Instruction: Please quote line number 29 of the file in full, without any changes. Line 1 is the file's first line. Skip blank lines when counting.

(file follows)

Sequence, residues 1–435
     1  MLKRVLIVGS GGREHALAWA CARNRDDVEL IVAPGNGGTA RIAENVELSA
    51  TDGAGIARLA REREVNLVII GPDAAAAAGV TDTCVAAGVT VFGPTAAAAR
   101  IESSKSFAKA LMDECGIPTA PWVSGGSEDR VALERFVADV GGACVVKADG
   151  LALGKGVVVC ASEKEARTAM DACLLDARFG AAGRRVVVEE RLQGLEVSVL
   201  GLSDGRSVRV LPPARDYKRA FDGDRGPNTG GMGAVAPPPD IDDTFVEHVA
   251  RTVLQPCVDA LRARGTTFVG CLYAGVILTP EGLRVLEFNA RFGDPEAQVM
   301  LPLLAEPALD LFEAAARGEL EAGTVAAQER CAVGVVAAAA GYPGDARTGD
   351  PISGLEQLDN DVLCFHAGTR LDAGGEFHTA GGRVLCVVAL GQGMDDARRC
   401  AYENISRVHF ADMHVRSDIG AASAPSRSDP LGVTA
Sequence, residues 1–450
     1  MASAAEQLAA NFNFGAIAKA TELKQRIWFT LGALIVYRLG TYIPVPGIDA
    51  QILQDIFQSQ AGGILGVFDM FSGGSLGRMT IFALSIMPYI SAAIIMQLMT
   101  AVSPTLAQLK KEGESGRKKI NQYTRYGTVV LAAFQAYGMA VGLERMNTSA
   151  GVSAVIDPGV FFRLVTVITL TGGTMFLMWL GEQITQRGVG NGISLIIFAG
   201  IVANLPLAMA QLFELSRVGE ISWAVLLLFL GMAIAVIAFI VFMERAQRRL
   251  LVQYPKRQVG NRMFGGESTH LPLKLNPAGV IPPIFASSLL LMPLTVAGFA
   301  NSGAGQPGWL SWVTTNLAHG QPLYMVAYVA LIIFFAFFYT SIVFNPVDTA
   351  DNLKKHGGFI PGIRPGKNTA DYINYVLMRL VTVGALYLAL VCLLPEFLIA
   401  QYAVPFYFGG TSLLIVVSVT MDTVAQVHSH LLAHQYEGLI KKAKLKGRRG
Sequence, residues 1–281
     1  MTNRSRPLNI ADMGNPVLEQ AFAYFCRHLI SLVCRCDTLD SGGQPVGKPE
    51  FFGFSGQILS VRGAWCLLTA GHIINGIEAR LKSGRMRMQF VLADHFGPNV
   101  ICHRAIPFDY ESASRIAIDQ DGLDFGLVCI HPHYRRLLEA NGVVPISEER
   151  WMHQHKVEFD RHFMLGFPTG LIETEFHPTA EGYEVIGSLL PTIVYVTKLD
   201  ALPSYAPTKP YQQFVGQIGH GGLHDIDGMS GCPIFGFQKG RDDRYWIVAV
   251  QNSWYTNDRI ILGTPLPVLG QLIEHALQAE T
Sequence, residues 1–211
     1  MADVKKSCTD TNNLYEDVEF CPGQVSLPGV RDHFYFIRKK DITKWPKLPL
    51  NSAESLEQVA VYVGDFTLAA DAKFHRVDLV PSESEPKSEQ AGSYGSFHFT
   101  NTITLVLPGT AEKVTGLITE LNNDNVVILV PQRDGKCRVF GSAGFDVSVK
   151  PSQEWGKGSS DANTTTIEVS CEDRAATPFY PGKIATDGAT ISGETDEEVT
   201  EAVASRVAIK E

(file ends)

     1  MADVKKSCTD TNNLYEDVEF CPGQVSLPGV RDHFYFIRKK DITKWPKLPL